County switches on new communications system
By Gary Popp
Published in News on April 6, 2011 1:46 PM
Danny Tillman, a Wayne County emergency dispatcher, tests the new emergency services paging system that went online Monday morning. Emergency Services was the first to make use of the new, $10 million communications system. Since then, fire and law enforcement have also logged onto the system. Shane Kilpatrick, left, of Communications International, the company that installed the system, looks on.
Wayne County emergency officials say they are nearly 95 percent through the process of converting the emergency communication system from analog to digital.
Wayne County Fire Marshal Bryan Taylor said the only agencies left to make the switch are the Goldsboro Police Department and the Wayne Memorial Hospital Police Department.
Taylor is one of several county officials overseeing the communication system's switch.
Her said he expected to have the final departments on the new system by 10 a.m. today.
Nearly 70 percent of all county agencies made the switch Tuesday.
"Yesterday went pretty good with the sheriff's department, all the municipal police departments and volunteer fire departments," Taylor said. "It went really well, a lot better than we expected."
Officials began the switch Monday by converting only a few county agencies, including Emergency Medical Services, Wayne NET, the non-emergency transport division of EMS, Animal Control Services and Solid Waste Management.
"We have not had any problems with the system working at all," Taylor said.
Even if all agencies are added today, Taylor said he and other county officials won't breathe a sigh of relief until all the bugs are removed.
"It will be a work in progress over the next week," Taylor said. "After we get all the agencies on, we will be making minor adjustments and tweaking the system to fine tune everything."
Officials have said they expect the new system to give emergency responders a stronger signal, which could help cut response time. The old system was inoperable in a number of situations, such as inside areas of large structures, including Wayne Memorial Hospital and Berkeley Mall. and had some components that were as much as 50 years old.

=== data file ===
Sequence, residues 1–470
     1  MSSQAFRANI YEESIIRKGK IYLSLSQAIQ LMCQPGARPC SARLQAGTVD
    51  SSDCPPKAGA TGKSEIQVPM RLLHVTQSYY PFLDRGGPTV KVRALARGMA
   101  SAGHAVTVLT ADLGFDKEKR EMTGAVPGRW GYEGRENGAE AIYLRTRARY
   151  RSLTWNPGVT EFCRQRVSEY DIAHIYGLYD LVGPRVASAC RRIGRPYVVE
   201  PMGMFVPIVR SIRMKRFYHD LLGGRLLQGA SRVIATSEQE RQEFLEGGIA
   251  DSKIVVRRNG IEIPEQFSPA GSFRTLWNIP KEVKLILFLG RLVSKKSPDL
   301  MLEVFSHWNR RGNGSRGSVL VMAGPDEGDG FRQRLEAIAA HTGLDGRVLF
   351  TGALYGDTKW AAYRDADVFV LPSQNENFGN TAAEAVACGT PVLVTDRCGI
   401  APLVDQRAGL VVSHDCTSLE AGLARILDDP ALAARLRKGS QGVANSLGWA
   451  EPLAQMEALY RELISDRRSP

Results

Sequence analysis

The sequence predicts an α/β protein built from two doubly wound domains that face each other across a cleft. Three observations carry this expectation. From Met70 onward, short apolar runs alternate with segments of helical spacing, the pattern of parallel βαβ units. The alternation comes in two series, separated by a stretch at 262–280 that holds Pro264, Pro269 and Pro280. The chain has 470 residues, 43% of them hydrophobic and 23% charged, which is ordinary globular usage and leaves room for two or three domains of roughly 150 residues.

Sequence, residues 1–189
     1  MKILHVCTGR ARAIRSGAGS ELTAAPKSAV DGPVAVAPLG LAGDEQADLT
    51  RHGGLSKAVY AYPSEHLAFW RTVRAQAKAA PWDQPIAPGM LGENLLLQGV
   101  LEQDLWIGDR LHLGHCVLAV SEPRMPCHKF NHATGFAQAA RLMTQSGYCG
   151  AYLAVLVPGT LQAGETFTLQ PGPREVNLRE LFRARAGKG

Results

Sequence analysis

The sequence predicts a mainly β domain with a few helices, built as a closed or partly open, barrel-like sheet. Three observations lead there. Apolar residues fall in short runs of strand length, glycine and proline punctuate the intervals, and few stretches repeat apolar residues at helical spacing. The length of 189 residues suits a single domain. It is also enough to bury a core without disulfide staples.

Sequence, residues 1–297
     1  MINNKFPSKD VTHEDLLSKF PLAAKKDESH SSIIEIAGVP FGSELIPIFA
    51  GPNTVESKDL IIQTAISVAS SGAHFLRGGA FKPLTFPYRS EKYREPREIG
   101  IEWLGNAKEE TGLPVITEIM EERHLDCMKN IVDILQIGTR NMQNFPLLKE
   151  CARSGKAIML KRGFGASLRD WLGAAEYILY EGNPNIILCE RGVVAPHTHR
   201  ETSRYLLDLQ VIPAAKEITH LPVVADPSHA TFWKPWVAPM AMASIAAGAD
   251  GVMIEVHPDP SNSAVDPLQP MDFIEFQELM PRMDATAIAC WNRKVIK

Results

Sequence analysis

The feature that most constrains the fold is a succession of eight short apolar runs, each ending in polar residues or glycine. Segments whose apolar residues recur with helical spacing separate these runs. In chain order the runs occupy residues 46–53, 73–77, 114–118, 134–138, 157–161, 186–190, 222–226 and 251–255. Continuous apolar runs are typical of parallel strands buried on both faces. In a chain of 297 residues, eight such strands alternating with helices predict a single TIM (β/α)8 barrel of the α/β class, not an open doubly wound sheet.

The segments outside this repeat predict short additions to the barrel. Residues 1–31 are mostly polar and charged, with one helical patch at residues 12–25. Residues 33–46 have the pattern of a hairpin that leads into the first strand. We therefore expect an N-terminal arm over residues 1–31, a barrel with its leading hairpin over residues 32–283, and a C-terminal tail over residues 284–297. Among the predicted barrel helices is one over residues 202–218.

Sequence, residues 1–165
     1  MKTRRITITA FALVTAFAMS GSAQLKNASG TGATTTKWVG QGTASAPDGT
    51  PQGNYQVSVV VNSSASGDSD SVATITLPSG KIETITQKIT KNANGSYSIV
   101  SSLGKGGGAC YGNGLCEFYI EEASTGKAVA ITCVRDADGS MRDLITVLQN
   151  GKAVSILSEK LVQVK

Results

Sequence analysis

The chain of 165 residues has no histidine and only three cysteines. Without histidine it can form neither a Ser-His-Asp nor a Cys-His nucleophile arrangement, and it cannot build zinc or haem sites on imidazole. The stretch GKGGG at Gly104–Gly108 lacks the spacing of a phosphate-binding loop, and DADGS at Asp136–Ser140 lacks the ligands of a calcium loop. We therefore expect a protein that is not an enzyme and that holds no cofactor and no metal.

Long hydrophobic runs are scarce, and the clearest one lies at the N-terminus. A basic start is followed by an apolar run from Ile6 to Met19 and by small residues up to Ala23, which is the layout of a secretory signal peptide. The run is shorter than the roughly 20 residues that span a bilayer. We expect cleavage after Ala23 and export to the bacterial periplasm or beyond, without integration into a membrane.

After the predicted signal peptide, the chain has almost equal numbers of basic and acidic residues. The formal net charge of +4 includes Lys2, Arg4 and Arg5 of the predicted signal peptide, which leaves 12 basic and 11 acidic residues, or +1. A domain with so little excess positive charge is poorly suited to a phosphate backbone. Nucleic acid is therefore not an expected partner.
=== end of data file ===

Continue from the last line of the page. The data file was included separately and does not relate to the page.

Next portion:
The switch took years and did not come without controversy.
County officials decided not to switch to the VIPER system used by many counties in the state, to the dismay of many emergency responders.
But local leaders maintained the system that is being installed suits Wayne County better, adding that VIPER would be more costly and had the possibility of putting the county at the mercy of the state during a crisis.
"We collectively did not want the state of North Carolina to control our communication destiny. They were going to control when it was up, when it was down, who was going to talk and who was not going to talk," County Manager Lee Smith said in December.
Smith said in cases of wide-scale emergencies, such as a hurricane, which could call for multiple-day emergency response, he wanted to keep the communication system in Wayne County in the hands of local officials.
"I want to know that I have a system that I can control and that my folks can talk," Smith said.
New radios have been installed in every emergency vehicle in the county, from fire trucks to police and Sheriff's Office patrol cars and ambulances.
The total cost of the switch, including the erection of five new communications towers around the county, is about $10 million.